As Bloomberg's Kristine Aquino, the dollar may be about to meet its match in the form of Asia’s biggest economies.
Earlier this morning (east coast time, when China was sleeping), the offshore yuan just weakened past 7 per dollar for the first time in more than two years, reflecting China’s broad economic weakness and lockdown woes.
Yet - just like 145 for the yen which has emerged as a red line for the BOJ - it’s also a key level that could galvanize the People’s Bank of China to redouble its efforts to resist dollar strength.
On its own, it’s difficult for any central bank to push back against a dollar move that’s going the opposite way of its desired direction -- even if it’s among the largest foreign holders of US debt.
But it’s not just China that has indicated waning tolerance of a weak currency. As we noted yesterday, Japan also signaled it is about to join the fray, given the yen’s accelerated move toward the weakest in 24 years -- the last time authorities intervened to lift the currency.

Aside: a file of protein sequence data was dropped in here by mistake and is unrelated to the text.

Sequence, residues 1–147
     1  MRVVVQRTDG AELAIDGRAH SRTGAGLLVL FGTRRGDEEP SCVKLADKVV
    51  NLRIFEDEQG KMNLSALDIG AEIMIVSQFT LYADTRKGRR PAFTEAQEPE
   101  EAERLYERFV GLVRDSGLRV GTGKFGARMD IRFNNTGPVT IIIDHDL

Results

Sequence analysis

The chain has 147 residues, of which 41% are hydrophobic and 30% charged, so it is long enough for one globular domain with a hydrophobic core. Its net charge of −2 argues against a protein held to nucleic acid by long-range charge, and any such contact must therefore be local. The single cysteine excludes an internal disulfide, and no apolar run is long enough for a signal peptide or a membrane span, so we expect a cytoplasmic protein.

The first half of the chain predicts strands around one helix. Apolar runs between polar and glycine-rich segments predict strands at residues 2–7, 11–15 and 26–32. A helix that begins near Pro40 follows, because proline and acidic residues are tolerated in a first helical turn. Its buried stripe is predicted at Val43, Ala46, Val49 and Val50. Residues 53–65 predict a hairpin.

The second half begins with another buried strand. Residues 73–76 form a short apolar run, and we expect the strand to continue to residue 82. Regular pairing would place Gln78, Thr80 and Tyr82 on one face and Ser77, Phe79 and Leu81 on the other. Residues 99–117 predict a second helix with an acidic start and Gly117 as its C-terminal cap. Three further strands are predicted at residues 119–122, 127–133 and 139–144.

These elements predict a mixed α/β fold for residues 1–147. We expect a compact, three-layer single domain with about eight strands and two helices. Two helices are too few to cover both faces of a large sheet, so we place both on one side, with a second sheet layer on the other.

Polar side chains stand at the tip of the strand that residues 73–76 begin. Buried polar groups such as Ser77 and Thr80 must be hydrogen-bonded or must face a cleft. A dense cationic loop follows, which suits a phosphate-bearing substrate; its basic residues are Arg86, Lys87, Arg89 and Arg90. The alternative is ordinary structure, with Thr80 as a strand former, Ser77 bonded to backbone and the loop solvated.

Of course, Aquino notes, expect markets to dare both China and Japan to back up their jawboning with actual action. That means it may take some time to definitively shore up their currencies and push back against the dollar.
But if/when these two heavyweights fully commit, that could be enough to finally stop the buck.